Sara Huntingdon, the NDA’s Head of Innovation, explained:
“This competition presents a real opportunity for the NDA Group to engage with a really diverse range of ideas and new technologies developed by the supply chain, including many organisations and SMEs that we have not worked with before.
“Encouraging technology transfer across different sectors and maturing a broad range of technologies that move humans away from potentially harmful situations will benefit us all.”
Emily Tithecott, DASA Associate Delivery Manager, added:
“This competition gives us a real buzz. We are seeing more government departments teaming to fund innovations and this ensures that many different sectors benefit from the adapted technologies.”
Away from the DASA competition and hazardous environments specifically, aerospace giant Rolls Royce is one of many companies to be developing telexistence robots and teleoperation systems.
Via remote robots, the concept is that UK-based engineers will be able to maintain jet engines on the tarmac at airports around the world, without having to fly to those locations themselves to carry out the work.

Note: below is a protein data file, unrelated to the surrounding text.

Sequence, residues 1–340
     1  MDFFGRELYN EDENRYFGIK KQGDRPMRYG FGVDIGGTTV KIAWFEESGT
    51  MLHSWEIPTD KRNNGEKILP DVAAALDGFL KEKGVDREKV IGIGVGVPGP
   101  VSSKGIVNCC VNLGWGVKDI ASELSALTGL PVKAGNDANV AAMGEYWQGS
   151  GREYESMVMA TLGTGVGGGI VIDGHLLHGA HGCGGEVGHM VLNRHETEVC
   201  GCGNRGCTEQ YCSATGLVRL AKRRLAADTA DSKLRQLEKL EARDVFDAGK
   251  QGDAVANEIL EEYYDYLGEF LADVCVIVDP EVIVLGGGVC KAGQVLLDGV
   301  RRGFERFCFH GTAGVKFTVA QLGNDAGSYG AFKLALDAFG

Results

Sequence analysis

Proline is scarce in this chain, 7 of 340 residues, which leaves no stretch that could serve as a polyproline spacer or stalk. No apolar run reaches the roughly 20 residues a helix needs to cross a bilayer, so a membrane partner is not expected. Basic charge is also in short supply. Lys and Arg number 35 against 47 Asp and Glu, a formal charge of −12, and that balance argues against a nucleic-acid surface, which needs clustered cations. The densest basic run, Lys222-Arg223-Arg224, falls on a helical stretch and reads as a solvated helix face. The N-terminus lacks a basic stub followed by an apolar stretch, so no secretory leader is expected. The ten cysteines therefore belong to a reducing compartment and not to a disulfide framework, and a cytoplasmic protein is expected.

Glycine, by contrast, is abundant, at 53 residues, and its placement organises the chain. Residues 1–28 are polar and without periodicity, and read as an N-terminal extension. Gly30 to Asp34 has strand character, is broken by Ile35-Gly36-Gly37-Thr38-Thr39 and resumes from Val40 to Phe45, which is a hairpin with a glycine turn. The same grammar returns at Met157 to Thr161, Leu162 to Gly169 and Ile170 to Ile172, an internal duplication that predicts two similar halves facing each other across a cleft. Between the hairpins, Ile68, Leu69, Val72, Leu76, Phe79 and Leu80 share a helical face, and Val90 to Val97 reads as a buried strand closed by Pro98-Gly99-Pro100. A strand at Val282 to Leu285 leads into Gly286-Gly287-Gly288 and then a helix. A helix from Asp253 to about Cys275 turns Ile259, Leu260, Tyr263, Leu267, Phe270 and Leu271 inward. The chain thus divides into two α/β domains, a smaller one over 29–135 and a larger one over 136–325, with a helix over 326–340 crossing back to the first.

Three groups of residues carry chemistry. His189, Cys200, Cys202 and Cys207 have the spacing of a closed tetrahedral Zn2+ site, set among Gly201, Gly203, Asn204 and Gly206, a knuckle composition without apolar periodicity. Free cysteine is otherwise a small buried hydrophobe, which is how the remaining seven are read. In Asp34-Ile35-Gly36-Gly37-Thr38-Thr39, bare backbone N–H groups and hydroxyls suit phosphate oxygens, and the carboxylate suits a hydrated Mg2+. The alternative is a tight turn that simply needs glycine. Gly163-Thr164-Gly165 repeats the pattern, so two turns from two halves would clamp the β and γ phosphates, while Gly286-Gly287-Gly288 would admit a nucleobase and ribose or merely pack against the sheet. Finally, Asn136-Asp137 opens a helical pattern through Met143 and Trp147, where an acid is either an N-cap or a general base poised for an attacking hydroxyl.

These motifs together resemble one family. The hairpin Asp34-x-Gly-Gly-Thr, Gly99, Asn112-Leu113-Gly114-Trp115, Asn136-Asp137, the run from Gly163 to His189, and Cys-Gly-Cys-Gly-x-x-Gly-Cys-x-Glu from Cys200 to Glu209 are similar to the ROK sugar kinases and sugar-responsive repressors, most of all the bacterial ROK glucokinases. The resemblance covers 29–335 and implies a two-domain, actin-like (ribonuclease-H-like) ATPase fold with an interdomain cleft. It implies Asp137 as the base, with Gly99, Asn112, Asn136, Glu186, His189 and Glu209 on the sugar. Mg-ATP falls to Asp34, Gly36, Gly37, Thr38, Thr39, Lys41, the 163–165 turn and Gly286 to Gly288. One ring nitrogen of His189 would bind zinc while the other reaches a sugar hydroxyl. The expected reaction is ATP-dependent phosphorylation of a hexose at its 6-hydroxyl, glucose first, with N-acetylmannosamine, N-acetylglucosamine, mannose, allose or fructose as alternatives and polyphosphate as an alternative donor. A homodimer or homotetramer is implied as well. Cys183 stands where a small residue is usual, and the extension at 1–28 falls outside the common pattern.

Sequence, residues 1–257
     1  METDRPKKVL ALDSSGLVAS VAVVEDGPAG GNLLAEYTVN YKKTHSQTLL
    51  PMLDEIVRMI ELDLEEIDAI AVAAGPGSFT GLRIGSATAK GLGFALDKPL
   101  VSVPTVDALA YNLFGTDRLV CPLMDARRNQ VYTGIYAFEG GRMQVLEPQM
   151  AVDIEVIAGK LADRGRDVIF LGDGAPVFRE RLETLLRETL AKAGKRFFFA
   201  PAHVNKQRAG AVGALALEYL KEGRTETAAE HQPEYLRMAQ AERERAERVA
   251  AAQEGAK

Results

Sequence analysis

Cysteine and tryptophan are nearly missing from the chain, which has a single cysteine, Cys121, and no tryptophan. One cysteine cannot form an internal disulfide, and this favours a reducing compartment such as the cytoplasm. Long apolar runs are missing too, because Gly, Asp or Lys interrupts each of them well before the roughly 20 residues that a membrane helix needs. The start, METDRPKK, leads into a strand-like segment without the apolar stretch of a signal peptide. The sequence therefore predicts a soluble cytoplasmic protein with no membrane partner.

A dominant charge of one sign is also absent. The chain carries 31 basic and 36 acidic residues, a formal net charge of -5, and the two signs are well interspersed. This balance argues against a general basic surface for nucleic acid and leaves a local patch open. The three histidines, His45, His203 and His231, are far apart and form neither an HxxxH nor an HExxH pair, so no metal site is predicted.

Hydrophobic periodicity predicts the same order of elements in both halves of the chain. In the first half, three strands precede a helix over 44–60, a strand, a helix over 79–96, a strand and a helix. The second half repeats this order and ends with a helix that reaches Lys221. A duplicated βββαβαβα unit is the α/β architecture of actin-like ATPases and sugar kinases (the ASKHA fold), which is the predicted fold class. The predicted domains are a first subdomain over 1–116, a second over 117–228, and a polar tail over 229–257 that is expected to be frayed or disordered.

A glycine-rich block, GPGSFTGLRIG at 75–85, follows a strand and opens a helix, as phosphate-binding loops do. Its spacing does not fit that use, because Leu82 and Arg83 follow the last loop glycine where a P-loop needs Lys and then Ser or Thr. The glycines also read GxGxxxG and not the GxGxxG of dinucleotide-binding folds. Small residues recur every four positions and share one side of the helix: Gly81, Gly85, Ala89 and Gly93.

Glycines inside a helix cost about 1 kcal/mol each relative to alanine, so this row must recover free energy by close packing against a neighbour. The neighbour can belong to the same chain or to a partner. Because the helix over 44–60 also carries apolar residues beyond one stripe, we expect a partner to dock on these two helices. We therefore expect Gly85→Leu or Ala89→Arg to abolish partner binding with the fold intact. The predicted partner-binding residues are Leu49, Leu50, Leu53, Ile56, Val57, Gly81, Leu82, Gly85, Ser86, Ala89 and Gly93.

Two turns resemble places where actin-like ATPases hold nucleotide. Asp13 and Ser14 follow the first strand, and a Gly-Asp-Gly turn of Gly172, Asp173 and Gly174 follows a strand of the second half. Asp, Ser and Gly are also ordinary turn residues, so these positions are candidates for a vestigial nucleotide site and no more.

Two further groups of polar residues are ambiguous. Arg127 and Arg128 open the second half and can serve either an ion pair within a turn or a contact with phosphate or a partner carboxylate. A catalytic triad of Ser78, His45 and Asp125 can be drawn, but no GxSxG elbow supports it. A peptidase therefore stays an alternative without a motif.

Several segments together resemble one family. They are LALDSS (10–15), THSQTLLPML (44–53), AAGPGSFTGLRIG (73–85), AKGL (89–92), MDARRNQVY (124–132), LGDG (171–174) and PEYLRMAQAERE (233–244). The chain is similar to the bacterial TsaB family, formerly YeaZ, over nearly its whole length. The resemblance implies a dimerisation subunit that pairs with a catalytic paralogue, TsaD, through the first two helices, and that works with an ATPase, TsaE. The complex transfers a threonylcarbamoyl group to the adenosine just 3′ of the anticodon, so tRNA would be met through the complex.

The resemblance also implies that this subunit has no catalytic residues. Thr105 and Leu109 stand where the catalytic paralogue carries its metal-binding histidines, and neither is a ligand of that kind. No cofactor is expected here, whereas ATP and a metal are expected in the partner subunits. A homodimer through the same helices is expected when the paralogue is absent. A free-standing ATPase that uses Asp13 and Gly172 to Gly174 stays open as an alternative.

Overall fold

In this future, a robot will be attached to an engine that is still on the wing of an aircraft and replicate the engineer’s remote actions via robotic hands, haptic feedback, and immersive computer vision.
Rolls Royce is primarily a services-based business today, meaning that it is paid when its engines are operating properly on planes in the sky, not when they are stuck on the tarmac being serviced.
The extreme time delay and expense of sending a human engineer to service an engine that may be thousands of miles away create economic, environmental, sustainability, and efficiency paybacks for being able to repair an engine more swiftly and efficiently.
Rolls Royce’s airline customers and their passengers benefit too, by being able to get planes safely back into the sky as quickly as possible, rather than experience long delays.
Oil and gas companies are also investing in the concept of using robots to repair and maintain offshore platforms. For oil giants in particular, the concept of entirely autonomous, self-maintaining oil rigs is a long-term strategic aim to lower costs and increase profits in the industry.